As technology becomes synonymous with innovation, Goldman Sachs is positioning itself on the cutting edge by strengthening ties to the industry. The 146-year-old banking bastion has invested heavily in Silicon Valley’s top risers like Dropbox, Uber, and Pinterest, and competes with start-ups and tech companies to bring talent through its own doors. Goldman employs 9,000-plus engineers—more than Facebook, Twitter, or LinkedIn—who now represent nearly a third of the firm’s staff globally.
“Technology is a core competency of ours,” CEO Lloyd Blankfein said in a 2015 podcast that underscores technology’s impact on the finance industry. According to a July 2015 Bloomberg report based on data from CB Insights, Goldman has participated in 132 fund-raising rounds in private technology companies since 2009, with 77 of those deals made in the past 2.5 years alone. For one of the biggest banks in the U.S., the financial returns won’t be hugely significant, but Goldman stands to gain big on insights.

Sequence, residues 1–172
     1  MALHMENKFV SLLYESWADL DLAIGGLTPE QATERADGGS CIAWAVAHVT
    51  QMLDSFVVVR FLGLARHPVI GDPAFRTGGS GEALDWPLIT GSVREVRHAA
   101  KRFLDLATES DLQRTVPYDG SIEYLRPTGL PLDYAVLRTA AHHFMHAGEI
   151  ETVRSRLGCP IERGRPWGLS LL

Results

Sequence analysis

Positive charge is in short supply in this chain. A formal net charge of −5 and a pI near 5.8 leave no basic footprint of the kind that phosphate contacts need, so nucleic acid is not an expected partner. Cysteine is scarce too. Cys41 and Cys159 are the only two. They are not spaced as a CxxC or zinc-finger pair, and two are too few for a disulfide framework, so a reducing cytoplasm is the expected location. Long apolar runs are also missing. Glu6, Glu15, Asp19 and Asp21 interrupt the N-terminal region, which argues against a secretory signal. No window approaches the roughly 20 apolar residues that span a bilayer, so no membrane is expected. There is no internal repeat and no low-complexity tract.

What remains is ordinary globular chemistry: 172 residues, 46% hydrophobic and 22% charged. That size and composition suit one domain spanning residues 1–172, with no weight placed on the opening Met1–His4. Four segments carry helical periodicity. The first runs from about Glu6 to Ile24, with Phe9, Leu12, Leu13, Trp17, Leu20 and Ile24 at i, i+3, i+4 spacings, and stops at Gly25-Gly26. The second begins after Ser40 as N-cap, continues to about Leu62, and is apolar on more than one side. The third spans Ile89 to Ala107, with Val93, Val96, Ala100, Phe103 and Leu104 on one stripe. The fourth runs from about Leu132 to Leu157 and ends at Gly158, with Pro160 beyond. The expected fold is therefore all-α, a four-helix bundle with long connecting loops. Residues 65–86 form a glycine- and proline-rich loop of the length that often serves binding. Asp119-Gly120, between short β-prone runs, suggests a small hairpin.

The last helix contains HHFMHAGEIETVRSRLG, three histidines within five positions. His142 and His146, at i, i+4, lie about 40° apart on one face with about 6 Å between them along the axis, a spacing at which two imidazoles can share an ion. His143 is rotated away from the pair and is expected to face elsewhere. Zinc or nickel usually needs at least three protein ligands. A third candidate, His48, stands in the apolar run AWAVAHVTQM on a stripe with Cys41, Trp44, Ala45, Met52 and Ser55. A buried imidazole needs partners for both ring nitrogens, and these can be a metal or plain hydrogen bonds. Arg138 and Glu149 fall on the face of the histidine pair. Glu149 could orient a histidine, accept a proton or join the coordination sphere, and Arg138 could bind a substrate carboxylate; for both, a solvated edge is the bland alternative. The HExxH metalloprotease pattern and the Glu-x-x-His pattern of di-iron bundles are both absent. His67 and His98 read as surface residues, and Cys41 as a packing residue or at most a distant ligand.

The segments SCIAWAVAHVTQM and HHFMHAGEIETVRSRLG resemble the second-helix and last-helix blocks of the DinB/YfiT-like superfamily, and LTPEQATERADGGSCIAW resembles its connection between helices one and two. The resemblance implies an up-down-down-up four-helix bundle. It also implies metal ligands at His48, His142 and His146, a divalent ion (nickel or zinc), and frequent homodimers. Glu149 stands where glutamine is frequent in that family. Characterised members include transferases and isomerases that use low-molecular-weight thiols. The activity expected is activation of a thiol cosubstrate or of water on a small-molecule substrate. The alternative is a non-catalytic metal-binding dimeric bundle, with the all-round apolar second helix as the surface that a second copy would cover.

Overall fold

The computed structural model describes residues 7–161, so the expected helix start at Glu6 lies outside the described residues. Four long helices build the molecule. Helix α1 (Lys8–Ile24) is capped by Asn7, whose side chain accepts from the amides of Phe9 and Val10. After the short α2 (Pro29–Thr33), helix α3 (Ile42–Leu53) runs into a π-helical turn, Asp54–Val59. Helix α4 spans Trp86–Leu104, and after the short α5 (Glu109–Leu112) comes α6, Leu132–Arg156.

Understanding that organizations must learn to operate in a fast-moving, forward-thinking digital environment, Goldman has demonstrated its ability to embrace and even build its own disruptive technology. It contributed the code base and built a consortium with other leading financial institutions to acquire the Palo Alto start-up Perzo in order to establish Symphony, a super-secure financial communications platform. Goldman is further diversifying its business by expanding beyond its institutional clientele for the first time. In August, the company purchased approximately USD $16 billion worth of deposits from GE Capital Bank, with plans to enter the retail banking space as an online lender of small loans.
Goldman Sachs is investing in the future of industry—while focused on technology, it also touts a forward-thinking view in the clean energy field, having pledged to convert to 100% green energy by 2020. The banking powerhouse is shaping up to prove to the world that it has an eye for both innovation and responsibility.